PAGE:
Providing daily 7-day predictions of COVID-19 for all WHO Member States and territories is key for three major reasons: 1) people want to know; 2) in case our predictions which are based on the past recent trend overestimate the subsequent observations, it may signal that control measures break the epidemic dynamic faster than expected; 3) in case our predictions underestimate observations, it may trigger an early warning signal that new hot zones are bursting out or that control measures may prove ineffective enough.


- Outbreak of SARS-CoV2 since December 2019, starting in China, spreading in 209 countries and territories

- It comes from an animal coronavirus, with no immunity in human

- Clinical forms: more than 80% benign self-limiting disease with upper respiratory symptoms and fever, 15% severe respiratory disease, 5% critical, 0.5-0.7% mortality rate with huge gradient with age and comorbidities.

- Incubation time below 14 days

- R0 (basic reproductive number): 2-3

- This is the first pandemic in history which leads to an open real-time access of data at a worldwide level. Currently these data are published in various website (e.g. World Health Organization, Johns Hopkins University, Worldometers, OurWorldinData), however there was no release of daily predictions available when we started our project. The Institute of Global Health, from the early beginning of this pandemic published on the microblogging Twitter each evening an 7 day-prediction for a set of selected countries, in Europe, America, Latin America and Africa. These tweets became very popular and appreciated, and in collaboration with SDSC (ETHZ-EPFL), we decided to deliver a dashboard, updated on a daily basis, covering all countries and territories and providing 7-day predictions from official reported data on confirmed cases and deaths.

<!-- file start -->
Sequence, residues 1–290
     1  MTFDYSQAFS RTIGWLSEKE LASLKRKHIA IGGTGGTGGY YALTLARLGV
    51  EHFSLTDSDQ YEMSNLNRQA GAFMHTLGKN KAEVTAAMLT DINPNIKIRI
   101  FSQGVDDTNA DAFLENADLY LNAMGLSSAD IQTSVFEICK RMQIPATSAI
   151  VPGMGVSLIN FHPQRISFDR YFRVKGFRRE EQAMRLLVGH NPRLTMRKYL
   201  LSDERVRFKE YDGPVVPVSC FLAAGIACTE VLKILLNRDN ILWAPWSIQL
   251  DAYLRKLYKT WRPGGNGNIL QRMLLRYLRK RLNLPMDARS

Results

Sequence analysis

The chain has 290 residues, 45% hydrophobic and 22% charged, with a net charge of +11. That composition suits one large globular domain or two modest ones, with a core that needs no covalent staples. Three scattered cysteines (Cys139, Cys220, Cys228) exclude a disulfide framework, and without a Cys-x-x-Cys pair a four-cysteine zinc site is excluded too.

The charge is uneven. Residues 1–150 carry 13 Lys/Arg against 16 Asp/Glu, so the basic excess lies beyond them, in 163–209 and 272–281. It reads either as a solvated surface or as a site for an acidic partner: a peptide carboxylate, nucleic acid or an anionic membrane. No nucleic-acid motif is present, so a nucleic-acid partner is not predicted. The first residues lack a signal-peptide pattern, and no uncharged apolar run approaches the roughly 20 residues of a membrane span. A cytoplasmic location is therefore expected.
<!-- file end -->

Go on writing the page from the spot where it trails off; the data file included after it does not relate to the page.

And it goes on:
Design and methodology: